Guess who's back! Back again!
Following his apparent demise at the hands
of Onslaught alongside the other Avengers, Tony Stark returns home with a new armor and new focus.
In 1990, Alex Ross came to the world's attention thanks to a Terminator series from NOW Comics, a company that has otherwise completely faded from memory. Impressed by this new unknown kid's art, writer Kurt Busiek teamed with him to do a pitch for Iron Man, as the existing creative team was leaving in late 1991. The editor didn't pick them (instead we got Len Kaminski and Kev Hopgood, the ones who invented War Machine, so that's still good), but after the "Heroes Reborn" era, Busiek was a much bigger "get," so Marvel brought him on to save the reputations of both the Avengers and Iron Man. Although Sean Chen was the artist assigned to Iron Man, nobody could agree on a new design for the armor, so Busiek went back and asked Ross for permission to use his existing design.
Just like the other rejected-then-reused Alex Ross Iron Man design, this figure was sculpted by Dennis Chan.
The upper arms and legs are from the standard body, but the rest is new. When Ross was designing this back in 1991, the idea was to play up the "knight in armor" aspect of the character; thus the fancy pauldrons and the raised collar (which was originally much taller). Pistons or something connect the shoulders to the unique hexagonal chest beam, and to a similar pentagon in the center of the back. There are insets on the inside of the forearms and the back of the legs that keep them from looking as bulky as the armor it was originally intended to follow.
The Model 16 armor has a horned faceplate because that was Kurt Busiek's favorite armor of all time. In-universe, it was the first armor that could automatically shield its eyes against bright flashes of light. Also, because this comic came out in 1998, the suit had other unbelievably high-tech features like "a locator chip" and "a built-in digital camera." THE '90S!!!!!!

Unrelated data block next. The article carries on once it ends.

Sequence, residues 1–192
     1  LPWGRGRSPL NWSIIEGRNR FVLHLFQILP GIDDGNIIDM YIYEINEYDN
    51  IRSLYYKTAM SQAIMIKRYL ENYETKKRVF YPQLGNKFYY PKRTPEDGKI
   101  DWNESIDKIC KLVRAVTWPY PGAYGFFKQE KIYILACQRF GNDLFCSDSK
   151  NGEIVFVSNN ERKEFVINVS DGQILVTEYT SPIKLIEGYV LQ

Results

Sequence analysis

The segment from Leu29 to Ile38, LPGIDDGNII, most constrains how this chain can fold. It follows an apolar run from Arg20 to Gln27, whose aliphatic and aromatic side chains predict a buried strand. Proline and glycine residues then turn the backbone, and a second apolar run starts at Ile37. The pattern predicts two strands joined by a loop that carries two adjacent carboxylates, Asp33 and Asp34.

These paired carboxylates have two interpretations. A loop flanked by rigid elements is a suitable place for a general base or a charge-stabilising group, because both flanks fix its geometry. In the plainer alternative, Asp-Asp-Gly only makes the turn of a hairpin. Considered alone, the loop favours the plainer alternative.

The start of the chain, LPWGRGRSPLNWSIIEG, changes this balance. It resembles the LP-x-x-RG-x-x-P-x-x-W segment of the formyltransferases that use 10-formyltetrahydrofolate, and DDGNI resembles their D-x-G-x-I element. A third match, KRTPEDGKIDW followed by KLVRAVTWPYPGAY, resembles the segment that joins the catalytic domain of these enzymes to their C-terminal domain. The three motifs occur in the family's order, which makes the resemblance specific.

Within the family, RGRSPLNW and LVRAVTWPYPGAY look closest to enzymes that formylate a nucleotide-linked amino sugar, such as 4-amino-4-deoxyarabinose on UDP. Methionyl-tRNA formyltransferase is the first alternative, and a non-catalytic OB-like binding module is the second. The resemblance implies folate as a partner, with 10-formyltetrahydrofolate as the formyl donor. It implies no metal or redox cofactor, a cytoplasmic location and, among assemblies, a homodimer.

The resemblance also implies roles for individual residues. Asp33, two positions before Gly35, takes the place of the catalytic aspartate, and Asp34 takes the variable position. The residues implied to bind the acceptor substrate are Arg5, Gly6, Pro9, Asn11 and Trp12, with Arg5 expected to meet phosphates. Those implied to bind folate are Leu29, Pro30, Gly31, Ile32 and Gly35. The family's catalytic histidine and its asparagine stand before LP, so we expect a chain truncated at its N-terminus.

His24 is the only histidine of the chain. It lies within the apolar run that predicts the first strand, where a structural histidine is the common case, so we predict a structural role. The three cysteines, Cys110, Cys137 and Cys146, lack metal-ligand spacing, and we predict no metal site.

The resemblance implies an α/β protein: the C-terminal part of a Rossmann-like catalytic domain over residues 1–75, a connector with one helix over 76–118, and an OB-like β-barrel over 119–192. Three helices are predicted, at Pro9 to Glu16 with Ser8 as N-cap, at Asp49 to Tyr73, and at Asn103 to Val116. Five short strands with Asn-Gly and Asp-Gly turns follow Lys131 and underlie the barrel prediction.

This toy opts to make the non-red parts of the costume gold, rather than yellow. It's a personal preference thing, but considering the comics couldn't "do" gold as a color and just had highlighted yellow,
that's almost always going to be my preference. Seriously, AI Armor over 80th Anniversary Armor any day. One feature of the suit was an internal glow - not something from Ross's original design, but something inspired by CGI fan art printed in an Iron Man fanzine. Since the overall armor design was vaguely medieval, the glow would provide a futuristic kick. While the sections on the forearms, collar, and head are painted, it's really hard to see. Like, the lines where the paint goes are so thin that you can barely make them out unless you're specifically getting down in there looking for it.
The articulation is the same as you'd expect
from a toy built on this Iron Man body: swivel/hinge ankles, swivel boots, double-hinged knees, swivel thighs, balljointed hips, swivel waist, hinged chest, swivel/hinge wrists, double-hinged elbows, swivel biceps, swivel/hinge shoulders, a hinged neck, and balljointed head. It gets the swivelling pauldrons we usually like so much, but in this case, moving them means those connectors going between the shoulders and the torso armor no longer line up properly, breaking the illusion. I'm not smart enough to know a better way to do them and retain mobility, but it's disappointing.
We don't get any parts for the Totally Awesome Hulk
Build-A-Figure, just open hands or fists, and a pair of translucent yellow blast effects for the palms or heels. It would have been nice if they'd done those in green instead: that's the color his exhaust was colored at the time. Plus we haven't had them in that color before.
This armor has a couple different fan names - Retro, Renaissance, etc. - but even Marvel can't decide whether it's the Model 16
or Model 17 (it depends on whether they're counting Hulkbuster as a separate thing this month or not). It was the last Iron Man armor created in the '90s, and so featured in the story where, thanks to the confluence of a lightning strike and the Y2K bug, the armor became sentient. And also got murderously jealous when Tony wore any other suits. So basically Venom, but Iron Man. The only toy this armor has had before is the Minimate, so even if he doesn't make much sense for a Captain Marvel line, it's exciting to get a Marvel Legend at last.